Del Osei-Owusu interviews Kiffie…
You are a synth programmer and musician, how did it all begin for you?
It began for me in March 2020. The rumours were beginning, I was worried I would be bored so I decided to learn something new. I ordered a cheap synth, drum machine and a digital piano. When they arrived I unwrapped them and began playing around. Learning how to use them, and how to record music. From that moment I haven’t paused or looked back and over 200 tunes and songs later I am getting somewhere half decent. That journey never ends. I am a lifelong learner.
What did you listen to growing up?
Everything. I was born too late to appreciate the early 80s synth music so my awakening came with Enigma. But before that it was my dad’s small vinyl collection, The Beatles, John Lennon and Classical music. In my teenage years I really enjoyed early 90s dance and reggae, moving on to thrash metal, grunge, brit pop, hip-hop, nu-metal and very importantly, trance.
You use hardware synths (something I have loved since my teens), what was the catalyst for making music this way for you?
I play by ear and like to feel the instrument so that everything can be controlled in an analogue way. I think it is that simple. I was probably inspired by the classic TOTP performance by Yazoo of Don’t Go too!
Your latest composition, Game Theory, is full of hardware synthy goodness, how did it come about?
I have a critical friend, something we all need from time to time. He commented that all my drum patterns sound like ‘Kiffie’. So I got out my alternative drum machine and started programming. It works differently and has totally different sounds. I was feeling annoyed so made a song to the beat only. Then added some synths. I deliberately wanted it to stay fairly stable for the majority of the song so the layers take a while to develop but when they do it’s like the sound of simmering anger. With synths.
What was the challenge in composing it?
The main challenge was not to make it too obvious who it was about. It is my ode to people who ask “why won’t you just play the game?”. To me “playing the game” means, lie, cheat, steal, bully, victimise, be fake. Composition takes me a very short amount of time, sound choice takes longer, and trying to get the sequencer to play the progression at the right tempo is something I am still working on. Usually lyrics and vocals take me the longest. In this instance I just turned auto-tune and went for it – because the style of the song allowed this to happen. Lyrically it is simple, the repetition represents the number of times we have to stand up to game players.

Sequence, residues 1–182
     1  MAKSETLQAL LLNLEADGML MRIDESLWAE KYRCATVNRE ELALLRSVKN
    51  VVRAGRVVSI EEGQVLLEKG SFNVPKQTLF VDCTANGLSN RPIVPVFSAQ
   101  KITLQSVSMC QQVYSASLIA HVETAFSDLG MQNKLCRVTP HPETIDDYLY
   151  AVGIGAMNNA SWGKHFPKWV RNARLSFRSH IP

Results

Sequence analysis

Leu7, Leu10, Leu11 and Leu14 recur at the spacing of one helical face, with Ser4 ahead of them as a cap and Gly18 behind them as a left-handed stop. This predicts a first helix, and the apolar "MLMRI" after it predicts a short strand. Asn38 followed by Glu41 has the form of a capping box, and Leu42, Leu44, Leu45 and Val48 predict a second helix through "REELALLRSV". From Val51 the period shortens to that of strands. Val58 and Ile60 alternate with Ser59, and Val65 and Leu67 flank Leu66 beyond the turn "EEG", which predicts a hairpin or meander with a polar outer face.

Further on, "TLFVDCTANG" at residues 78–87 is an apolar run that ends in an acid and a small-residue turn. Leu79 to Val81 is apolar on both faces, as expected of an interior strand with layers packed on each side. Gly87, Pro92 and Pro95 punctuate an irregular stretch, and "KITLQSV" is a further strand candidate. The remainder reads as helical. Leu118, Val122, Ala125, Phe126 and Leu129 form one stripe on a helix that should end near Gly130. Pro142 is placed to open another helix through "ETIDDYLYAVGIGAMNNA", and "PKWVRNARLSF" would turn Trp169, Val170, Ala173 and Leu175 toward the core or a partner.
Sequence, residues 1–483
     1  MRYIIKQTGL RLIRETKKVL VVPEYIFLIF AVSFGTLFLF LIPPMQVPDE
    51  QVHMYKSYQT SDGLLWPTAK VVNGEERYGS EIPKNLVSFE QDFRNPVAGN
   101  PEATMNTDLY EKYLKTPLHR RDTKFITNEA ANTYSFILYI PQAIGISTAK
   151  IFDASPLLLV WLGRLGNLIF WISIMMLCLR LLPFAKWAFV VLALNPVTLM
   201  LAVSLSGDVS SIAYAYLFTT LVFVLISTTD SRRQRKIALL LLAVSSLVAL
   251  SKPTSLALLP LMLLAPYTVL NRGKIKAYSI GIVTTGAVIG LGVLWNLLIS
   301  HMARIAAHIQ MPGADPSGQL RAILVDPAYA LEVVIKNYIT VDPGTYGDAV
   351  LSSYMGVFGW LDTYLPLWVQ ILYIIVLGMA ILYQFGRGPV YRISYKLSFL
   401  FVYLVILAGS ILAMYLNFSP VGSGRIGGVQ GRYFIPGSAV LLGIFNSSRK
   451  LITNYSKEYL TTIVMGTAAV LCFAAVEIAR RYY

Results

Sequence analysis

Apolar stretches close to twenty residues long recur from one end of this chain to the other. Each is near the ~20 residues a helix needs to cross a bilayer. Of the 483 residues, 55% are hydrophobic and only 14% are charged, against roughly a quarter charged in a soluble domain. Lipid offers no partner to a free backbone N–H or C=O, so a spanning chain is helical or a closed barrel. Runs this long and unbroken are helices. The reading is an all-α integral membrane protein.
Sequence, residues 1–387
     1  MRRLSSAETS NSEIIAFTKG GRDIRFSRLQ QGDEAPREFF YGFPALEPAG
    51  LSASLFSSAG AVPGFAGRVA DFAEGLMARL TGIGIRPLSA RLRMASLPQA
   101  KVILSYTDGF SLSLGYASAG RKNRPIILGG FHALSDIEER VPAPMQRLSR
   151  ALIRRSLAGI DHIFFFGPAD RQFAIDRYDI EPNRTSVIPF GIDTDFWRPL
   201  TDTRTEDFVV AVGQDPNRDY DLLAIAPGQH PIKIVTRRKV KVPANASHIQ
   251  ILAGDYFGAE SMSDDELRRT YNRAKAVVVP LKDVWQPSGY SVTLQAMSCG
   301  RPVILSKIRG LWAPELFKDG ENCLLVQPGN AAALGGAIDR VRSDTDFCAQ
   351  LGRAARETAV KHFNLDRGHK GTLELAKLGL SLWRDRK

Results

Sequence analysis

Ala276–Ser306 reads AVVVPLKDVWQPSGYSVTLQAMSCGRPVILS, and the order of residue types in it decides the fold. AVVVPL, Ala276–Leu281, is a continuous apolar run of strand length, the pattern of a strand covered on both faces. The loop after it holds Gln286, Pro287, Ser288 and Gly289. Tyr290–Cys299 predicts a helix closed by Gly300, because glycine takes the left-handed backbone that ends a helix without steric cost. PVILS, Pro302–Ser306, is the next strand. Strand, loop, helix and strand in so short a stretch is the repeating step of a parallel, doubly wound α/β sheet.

What’s in your setup?
Yamaha P121 Digital Piano. This is my composition machine. Piano usually features in most of my music. Arturia Microbrute, for fully analogue monophonic bass. Korg Minilogue Xd, the delays and reverbs sound stunning and it has a lot of voices that can all be edited. The sequencer is awesome. A Roland TR-08, I just love those 808 sounds. I will never have enough of those snares and claps. Arturia Drumbrute Impact, my first drum machine. It is very versatile and the sounds are unique. I also use a Roland VT4 to give some interesting vocal effects. All of this is on an old wooden table, in a dusty front room, connected to a cheap laptop and put together using audacity/audiotonic.
COVID had an impact on the creative industry in a big way, what kept you motivated?
COVID created Kiffie. COVID has kept me motivated, it is a fearful time for many, but above all it makes me nervous. What we believe, are prepared to give up, and why, are difficult questions and there may be no way back. This is a fear many people have I am sure. It has become fashionable to see people as either “masked sheep” or “covidiots”, but I believe most people are somewhere between. This isn’t a binary situation, as humans we are more complicated than the modern world allows. I am fearful of losing people close to me. COVID also gave me a chance, for the first time in my life, to pause and reflect. To dream and imagine. To process and heal. If those complex feelings aren’t enough motivation then nothing will be.
2020 was a time to reflect, what did you learn about yourself?
I learnt that I have baggage to deal with, and that I am difficult to live with. I learned that I need to be more patient and more kind. I discovered my “in group” for the first time – the Twitter “new music” indie community is brilliant.
What are you listening to at the moment?
I am mostly listening to other indie artists on various blogs and independent radio stations. Other than that I am listening to Phoebe Bridgers’ Punisher on repeat. I haven’t yet figured out why that album is so good, it just is. I have also, retrospectively, rediscovered early 80s post punk, new-wave and the new-romantics. I also absolutely love the Papa Roach album Who Do You Trust. It turned out to be prophetic.
If you could get one piece of classic hardware to add to your set up what would you go with?
Nothing specific, If I had access to a synth composer with a sound bank of real sounding strings, brass, drums, etc. I would compose a whole world, or at least feel like I could.
What are you looking forward to next?
I hope to perform live before the end of the year. I can visualise how it will work very clearly. I am planning on producing another EP and another album before the end of August. The EP will have a secret format, something that will share how I create music. The album will be purely instrumental. I have a 15 track electro opera musical that was made in the early days (too poorly recorded to do anything with) that I might return to. There are also various international collaborations in the pipeline. I hope that in the future, whenever that will be, that I can make music for a living either as a composer for others or for films and TV. Until then, I will continue to learn, and continue to compose. I would also like to go on holiday.